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Ours not to reason why, ours is but to do and die...

Here goes.

Tampa Bay Rays (2016: 68-94)

Tropic Of Longoriacorn

Ugh. Besides dramatic effect, this is why I left this division until the very end.

Because the Rays were bad in 2016. Except, they weren't really that bad. Not as bad as their record suggests. Indeed, their entire season was essentially undone by one spectacularly awful 29 game stretch: from June 16th to July 18th the Rays won only four times. Yep, that's a 4-25 record folks, and if you're wondering no the Blue Jays did not have the fortune of facing Tampa during that plunge.

So what does it all mean for 2017? Well, avoiding a .137 winning percentage for a month of your season would be a positive step. Chris Archer is a safe bet to bounce back from a difficult 2016 (9-19, 4.02) and behind him in the rotation are some interesting names. Jake Odorizzi is a mighty good pitcher with improving durability, Blake Snell is a big lefty with dazzling minor league numbers and a solid major league debut (6-8, 3.54) aside from walking too many guys (5.2/9), Matt Andriese looks to finally take a rotation spot and run with it after being a swingman his first two seasons, and then there's Alex Cobb and his funky as hell delivery, once again back from injury and looking to get his career back on track. If healthy, starting pitching will be a strength of this ballclub.

But will the offense be a strength? It surprisingly was in 2016, with okay-to-solid seasons from newcomers Logan Morrison, Corey Dickerson, Steve Pearce (obviously elsewhere now) and the very unexpected 30 homer season of infielder Brad Miller. They've lost second baseman and Blue Jay killer Logan Forsythe, while shortstop Matt Duffy and Colby Rasmus are injured to start the year, so the depth of this lineup will be tested. Interestingly, the Rays have seemingly abandoned glovework for improved bats in recent years, besides the defensive wizardry of Kevin Kiermaier of course. This will be a better Tampa team in 2017 (again, just avoid that 4-25 stretch) but they'll need some of those starting pitchers like Andriese, Snell and Cobb to provide lots of great innings if they wanna be in the thick of a playoff race. That's no certainty, so...

Prediction -- 76-86, 5th AL East

Baltimore Orioles (2016: 89-73)

The Buck Stops Here

This is an especially tough division to preview because there aren't any teams that are certain to be awful, or even bad. You can make a realistic case for any of the five teams winning the division in 2017. The weakest case, however, may very well belong to the Baltimore Orioles. They don't have the strong starting pitching of Tampa or Toronto, the dynamic prospects of the Yankees or the insane deep superstar lineup of the Red Sox. One thing they do really, really well though is hit home runs. As a team they've hit more than 200 of them in five straight seasons, leading the American League three times in that span. The Orioles formula to win ballgames is really slug a bunch of dingers early, get modest starting pitching and then let that lockdown bullpen shut the door. And it has worked well for Buck Showalter during this run.

So why be skeptical about their chances? Well first, the starting pitching looks especially thin for 2017. It's a turn of #2/3 starters at best anyhow, and beyond Kevin Gausman and Chris Tillman (who is injured currently) there are some serious questions. One time hotshot Dylan Bundy is penciled in for a spot, coming off an encouraging 10-6, 4.02 campaign where he split 109.2 innings between starting and relief. Thing is, Bundy hadn't pitched that many innings in a season since 2012 in the minors, and the results this spring (7.36 ERA, 9 strikeouts in 17 innings) raise a few eyebrows. Rounding out the last two spots are Wade Miley and Ubaldo Jimenez, which I don't think needs further explanation. Beyond them are AAA fodder guys like Tyler Wilson, Mike Wright and Logan Verrett.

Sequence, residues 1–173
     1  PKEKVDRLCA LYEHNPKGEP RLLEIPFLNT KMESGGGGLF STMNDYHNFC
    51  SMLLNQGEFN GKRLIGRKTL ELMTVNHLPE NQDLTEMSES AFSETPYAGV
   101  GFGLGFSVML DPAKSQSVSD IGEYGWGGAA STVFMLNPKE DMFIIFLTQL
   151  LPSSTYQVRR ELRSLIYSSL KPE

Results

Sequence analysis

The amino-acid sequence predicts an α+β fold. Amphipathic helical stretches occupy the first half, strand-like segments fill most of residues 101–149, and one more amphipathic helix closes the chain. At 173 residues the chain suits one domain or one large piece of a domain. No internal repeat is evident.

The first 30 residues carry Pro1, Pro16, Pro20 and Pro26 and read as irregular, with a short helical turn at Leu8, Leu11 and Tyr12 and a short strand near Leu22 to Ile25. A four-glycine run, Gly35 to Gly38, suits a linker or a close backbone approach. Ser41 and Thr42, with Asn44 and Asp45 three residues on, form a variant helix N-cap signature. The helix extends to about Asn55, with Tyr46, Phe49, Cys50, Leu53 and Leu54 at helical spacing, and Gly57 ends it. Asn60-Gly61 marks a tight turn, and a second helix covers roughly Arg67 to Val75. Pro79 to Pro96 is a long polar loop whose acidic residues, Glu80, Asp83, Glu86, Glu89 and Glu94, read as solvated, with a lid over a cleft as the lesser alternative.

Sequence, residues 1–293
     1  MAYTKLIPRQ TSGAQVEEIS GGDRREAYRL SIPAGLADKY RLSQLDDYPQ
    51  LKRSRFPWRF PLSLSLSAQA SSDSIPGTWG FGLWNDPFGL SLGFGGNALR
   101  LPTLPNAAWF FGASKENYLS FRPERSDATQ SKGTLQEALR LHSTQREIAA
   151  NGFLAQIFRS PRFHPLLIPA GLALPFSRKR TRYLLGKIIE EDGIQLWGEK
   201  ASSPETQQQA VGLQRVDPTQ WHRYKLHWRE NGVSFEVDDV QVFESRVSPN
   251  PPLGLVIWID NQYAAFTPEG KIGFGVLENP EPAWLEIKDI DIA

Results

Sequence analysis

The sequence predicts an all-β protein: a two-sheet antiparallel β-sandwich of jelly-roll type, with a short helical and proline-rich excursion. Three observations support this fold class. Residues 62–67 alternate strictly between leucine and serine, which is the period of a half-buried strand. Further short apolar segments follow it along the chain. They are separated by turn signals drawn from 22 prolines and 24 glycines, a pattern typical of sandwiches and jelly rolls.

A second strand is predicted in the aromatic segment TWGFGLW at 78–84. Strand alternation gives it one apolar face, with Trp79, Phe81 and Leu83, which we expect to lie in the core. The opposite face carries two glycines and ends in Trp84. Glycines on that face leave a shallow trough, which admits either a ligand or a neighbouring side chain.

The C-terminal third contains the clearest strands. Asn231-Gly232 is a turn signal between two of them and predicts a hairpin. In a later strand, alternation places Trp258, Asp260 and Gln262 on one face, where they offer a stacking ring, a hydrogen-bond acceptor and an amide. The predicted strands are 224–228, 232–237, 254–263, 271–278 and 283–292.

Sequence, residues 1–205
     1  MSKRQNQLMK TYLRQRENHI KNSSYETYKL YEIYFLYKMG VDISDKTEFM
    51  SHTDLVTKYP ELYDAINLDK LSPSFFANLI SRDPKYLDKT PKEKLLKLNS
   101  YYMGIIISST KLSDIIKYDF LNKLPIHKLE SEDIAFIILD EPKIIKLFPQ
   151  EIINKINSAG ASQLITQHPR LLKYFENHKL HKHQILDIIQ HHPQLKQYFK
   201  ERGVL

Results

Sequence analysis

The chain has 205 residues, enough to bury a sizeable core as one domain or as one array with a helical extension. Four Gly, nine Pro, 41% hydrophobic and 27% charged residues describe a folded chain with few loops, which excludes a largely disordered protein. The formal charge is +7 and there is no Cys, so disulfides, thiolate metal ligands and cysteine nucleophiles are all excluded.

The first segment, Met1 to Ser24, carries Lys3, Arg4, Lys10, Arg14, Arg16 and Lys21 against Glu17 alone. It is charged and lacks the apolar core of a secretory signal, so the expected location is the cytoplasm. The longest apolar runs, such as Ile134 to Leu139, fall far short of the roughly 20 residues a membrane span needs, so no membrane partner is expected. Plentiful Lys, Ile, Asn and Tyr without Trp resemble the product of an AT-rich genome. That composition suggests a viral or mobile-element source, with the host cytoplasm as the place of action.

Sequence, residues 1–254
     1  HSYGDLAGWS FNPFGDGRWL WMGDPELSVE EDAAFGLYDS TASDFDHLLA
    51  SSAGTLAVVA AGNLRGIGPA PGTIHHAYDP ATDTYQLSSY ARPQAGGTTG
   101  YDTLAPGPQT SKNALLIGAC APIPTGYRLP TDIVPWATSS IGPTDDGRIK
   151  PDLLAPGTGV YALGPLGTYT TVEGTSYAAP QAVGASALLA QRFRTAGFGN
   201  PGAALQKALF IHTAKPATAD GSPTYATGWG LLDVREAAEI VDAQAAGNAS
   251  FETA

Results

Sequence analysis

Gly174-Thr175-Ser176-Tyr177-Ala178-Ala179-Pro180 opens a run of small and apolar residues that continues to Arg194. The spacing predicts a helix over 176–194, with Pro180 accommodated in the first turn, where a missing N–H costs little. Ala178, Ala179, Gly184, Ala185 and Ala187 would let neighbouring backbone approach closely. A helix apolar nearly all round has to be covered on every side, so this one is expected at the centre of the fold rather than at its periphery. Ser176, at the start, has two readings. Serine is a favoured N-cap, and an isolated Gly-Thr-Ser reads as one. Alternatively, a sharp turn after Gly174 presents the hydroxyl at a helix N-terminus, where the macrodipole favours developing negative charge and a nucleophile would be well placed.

My second cause for skepticism is basically that Zach Britton simply can not be as good as he was last year. Britton is a top five reliever in baseball without a doubt, but allowing only 4 earned runs again for an entire season? Unquestionably unlikely.

It's easy to see the Orioles rotation being just good enough to keep the team hanging around the race, or it's easy to see the home runs raining down so much that it bails out the terrible starting pitching, winning enough 9-8 slugfests to keep them in the race. I think this starting rotation could be a flaming mess though, especially with Tillman's health being such a huge question.

Prediction -- 81-81, 4th AL East

New York Yankees (2016: 84-78)

Babies In The Bronx

Of all the American League East teams, the Yankees may well have the greatest level of variance. Maybe you can picture a guy like Brett Gardner, Jacoby Ellsbury or Chase Headley rediscovering some of that previous ability and being a huge free addition to this club. Maybe not playing the outfield everyday agrees with Matt Holliday so much that he mashes 35 bombs in that bandbox they call a major league park, maybe Chris Carter does the same thing. Maybe Gary Sanchez is the next Mike Piazza, Greg Bird the next Jason Giambi or Aaron Judge the next... um... Rob Deer?

Or maybe it's not their time yet. Sanchez can't possibly be as good as he was for a third of a season last year, Bird is coming off a serious injury that cost an entire season, and Judge doesn't make nearly as much contact as Deer did (ouch). Holliday is still injury prone, Carter strikes out almost as much as Judge, and banking on a star season from Ellsbury or Headley at this point is kind of like hoping Jose Bautista's arm comes back. It could, but it's best to work around what you've got.